Opposite sides of the track: light rail campaigners square off
ACT Light Rail Deputy Chair Ian Ruecroft (left) Dr John Smith (right)
Canberra Times photograph
Long before construction begins on tram tracks linking the city and Gungahlin, Canberra's light rail line has already divided public opinion and established a key policy fight for the 2016 election.
After decades of debate about the best public transport options for the capital, two opinion makers from opposite sides of the fight visited the proposed location for a Northbourne Avenue terminus at Alinga Street to share their views.
The meeting comes as The Canberra Times invites readers to give their opinions on the ACT Government's signature $780 million infrastructure project in a new online survey, ahead of the release of the project's business case on October 31.
Light Rail for Canberra supporter and ACT Light Rail deputy chair Ian Ruecroft and www.CanTheTram.org moderator John Smith are among many Canberrans using websites, social media and public events to argue the merits of the tram line.
Dr Smith, a public transport expert who distributes printed flyers and regularly pens letters to the editor, said basing light rail on the Transport for Canberra 2012-2031 plan was a flawed approach.
"The implicit problem with trams is that Canberra commuters travel long distances, thus requiring express services," he said.
"Trams do not overtake, so the proposed service between Gungahlin and Civic is neither express nor local, but a compromise that is unlikely to satisfy anyone. The only solution will be to have alternative express bus services."
Arguing Canberra's best public transport development happened when patronage peaked between 1975 and 1985, Dr Smith called for technology including vehicle locations systems, wireless networking and computer controls to replace simplistic planning tools.
"The [bus] network was based on frequent inter-town express services, with frequent feeder services from the suburbs that were guaranteed connection.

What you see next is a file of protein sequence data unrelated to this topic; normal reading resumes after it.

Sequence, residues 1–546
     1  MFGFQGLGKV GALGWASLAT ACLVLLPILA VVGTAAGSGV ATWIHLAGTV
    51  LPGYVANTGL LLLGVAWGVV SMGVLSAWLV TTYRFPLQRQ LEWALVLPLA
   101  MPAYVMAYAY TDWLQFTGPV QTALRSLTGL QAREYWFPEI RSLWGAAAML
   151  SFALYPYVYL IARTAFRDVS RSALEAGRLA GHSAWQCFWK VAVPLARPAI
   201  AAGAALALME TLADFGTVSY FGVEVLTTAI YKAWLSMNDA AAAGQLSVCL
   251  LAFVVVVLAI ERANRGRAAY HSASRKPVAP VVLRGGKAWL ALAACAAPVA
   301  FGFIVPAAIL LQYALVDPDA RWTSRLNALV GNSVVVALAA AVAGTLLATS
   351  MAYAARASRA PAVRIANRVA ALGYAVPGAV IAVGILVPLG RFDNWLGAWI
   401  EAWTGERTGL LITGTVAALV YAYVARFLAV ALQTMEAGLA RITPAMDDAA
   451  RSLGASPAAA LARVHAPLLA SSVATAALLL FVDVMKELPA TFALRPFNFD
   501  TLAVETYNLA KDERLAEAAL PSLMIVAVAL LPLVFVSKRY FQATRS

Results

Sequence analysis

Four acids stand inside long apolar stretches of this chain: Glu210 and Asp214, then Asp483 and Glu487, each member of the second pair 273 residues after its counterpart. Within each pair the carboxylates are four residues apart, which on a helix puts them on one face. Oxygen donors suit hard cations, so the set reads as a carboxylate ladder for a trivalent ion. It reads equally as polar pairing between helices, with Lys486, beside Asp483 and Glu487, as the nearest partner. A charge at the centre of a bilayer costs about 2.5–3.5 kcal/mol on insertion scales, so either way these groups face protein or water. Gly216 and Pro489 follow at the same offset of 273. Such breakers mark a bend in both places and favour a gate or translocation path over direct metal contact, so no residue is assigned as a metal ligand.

"Light rail could be the basis for inter-town express services, but it is not needed for the present population and, when it is needed, heavy rail is likely to be the preferred option," he said.
"Rather than developing very high-density infill along corridors, most Canberrans would prefer to see medium-density infill more widely spread, in harmony with the present town-centre, secondary node and suburban-centre urban hierarchy."
Mr Ruecroft, a Gungahlin resident and one of about 200 members of the Light Rail for Canberra Facebook group, said trams represented the best way to maximise public transport use and it was time for the city to commit.
He advocates for park and ride facilities alongside fast and effective tram services.
"This is the time that we need to do something visionary with public transport, and light rail actually gives us something for the future."
He said recent road infrastructure projects built in Canberra including the Gungahlin Drive Extension had struggled to keep up with population growth, and that the government's proposal would serve the city for decades.
Construction of the 12-kilometre line is due to begin by mid-2016 with services to commence by 2020 and Mr Ruecroft said it would benefit both ends of the city.
"Gungahlin is going to be a town roughly the same population as Tuggeranong," he said.
"Where is the shopping centre the same as other places? You need to have a decent shopping centre and to build it you need light rail as a catalyst."
"Light rail should be looked at more like heavy rail, but not carrying goods. It shouldn't have a stop everywhere that is convenient for people to get on, it should be an express with buses radiating out from the line and major park and rides in place for people to use," he said.
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